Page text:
- In the final corner, join with sl st to the top of ch 3 (remember that chain 3 counts as a dc stitch)
- Leave a 4" tail, cut your yarn. Pull through the loop tightly to secure.
Round 3: (Black)
- With your Black yarn, make a slip knot.
- Put your hook though the ch1 space to the right of your Pink yarn tail and hook on your black slip knot from the back of your Granny Square.
- Optional: Try to hold your pink and black yarn tails as you crochet over them with your black working yarn now so you don't have to weave them in later.
- Ch 3, 2 dc into the same space, ch 1,
- [Skip to corner space in corner space work 3 dc, ch 2, 3 dc, ch 1
- Skip to next ch 1 space and work 3 dc, ch 1]
- Repeat [ ] brackets 3 times
- Work your final corner, 3 dc, ch 2, 3 dc, ch 1 and join with a sl st to the top of ch 3.
- Leave a 4" tail, cut your yarn. Pull through the loop tightly to secure.
- When you're done with your Granny Square, take a tapestry needle and weave in your ends for a clean finished look. If you've already crocheted over them as you worked your rounds, then just snip off the excess with your scissors and weave in your last tail only.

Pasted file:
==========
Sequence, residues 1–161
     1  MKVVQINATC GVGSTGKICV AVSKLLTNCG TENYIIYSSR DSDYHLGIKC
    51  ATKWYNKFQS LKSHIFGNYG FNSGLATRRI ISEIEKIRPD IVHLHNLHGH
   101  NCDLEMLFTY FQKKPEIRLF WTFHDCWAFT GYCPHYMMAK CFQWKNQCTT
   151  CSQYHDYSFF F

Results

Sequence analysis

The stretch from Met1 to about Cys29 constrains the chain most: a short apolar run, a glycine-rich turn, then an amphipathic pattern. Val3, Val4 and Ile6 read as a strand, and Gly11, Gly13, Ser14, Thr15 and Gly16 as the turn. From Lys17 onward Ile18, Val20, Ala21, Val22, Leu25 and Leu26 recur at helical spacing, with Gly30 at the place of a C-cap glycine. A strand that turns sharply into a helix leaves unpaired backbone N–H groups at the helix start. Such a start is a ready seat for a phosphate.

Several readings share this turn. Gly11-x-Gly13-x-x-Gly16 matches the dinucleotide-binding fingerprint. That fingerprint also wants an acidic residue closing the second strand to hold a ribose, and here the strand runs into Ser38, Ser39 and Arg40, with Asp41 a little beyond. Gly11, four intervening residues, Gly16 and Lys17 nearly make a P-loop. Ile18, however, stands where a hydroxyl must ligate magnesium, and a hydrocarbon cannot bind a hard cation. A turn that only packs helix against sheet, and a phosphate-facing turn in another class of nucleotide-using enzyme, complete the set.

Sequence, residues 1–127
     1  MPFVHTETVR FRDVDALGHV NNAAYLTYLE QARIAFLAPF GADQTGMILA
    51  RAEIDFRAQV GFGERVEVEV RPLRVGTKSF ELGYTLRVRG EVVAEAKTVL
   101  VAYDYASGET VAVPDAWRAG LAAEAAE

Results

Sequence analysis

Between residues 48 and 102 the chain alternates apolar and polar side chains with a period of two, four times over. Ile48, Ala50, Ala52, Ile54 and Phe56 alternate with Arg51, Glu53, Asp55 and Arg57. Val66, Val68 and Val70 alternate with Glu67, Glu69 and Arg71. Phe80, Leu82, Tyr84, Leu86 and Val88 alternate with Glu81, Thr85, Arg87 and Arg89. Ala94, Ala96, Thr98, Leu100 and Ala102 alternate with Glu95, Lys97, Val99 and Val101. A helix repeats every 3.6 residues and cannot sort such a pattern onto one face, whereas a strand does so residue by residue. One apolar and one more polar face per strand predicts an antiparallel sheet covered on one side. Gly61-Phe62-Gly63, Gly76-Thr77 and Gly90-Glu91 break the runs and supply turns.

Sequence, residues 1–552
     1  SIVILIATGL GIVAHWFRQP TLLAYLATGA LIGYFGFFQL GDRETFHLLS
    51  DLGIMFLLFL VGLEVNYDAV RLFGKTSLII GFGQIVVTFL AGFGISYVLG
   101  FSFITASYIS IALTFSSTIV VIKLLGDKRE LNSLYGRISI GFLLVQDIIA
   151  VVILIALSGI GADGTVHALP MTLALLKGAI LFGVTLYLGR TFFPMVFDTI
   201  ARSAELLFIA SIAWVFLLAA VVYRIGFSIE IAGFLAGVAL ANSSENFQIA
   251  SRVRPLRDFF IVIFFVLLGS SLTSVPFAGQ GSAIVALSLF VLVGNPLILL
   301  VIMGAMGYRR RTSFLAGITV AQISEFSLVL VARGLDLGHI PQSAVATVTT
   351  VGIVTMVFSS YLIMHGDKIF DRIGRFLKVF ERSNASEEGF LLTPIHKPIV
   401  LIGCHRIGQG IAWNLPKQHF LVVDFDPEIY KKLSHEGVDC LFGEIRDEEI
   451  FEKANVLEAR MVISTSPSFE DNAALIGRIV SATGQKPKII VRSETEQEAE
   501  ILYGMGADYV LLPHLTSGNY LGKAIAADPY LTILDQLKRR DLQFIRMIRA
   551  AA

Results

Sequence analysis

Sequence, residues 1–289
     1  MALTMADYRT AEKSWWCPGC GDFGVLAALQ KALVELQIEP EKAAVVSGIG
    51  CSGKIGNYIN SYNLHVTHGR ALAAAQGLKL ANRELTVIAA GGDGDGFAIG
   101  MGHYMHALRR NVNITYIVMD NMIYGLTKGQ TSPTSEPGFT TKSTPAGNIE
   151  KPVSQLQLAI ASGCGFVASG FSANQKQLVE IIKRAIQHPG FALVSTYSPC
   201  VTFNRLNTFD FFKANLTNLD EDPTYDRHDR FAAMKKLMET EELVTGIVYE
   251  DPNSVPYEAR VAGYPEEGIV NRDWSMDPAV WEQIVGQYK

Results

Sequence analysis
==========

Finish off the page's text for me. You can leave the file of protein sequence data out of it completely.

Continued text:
- You might also want to create a border along the edges of your Granny Square. You could experiment with different colours and different stitches. Easiest could be the sc (single crochet stitch) for a neat border.
If you don't want stop after 3 rounds, you can continue more rounds until you have a large Granny Square which you could turn into a sweater, cardigan, pillow cover or blanket.
Frequently Asked Questions:
I'll answer some of the questions people ask most about crocheting Granny Squares like:
What is a Granny Square in crochet?
A Granny Square is a motif in crochet whereby you create one or more squares and then join them together to form a blanket, cardigan, bag, hat or any other project that can be created using crochet Granny Squares.
These Granny Squares have a simple composition, made up of clusters of double crochet (dc) stitches worked into chain spaces.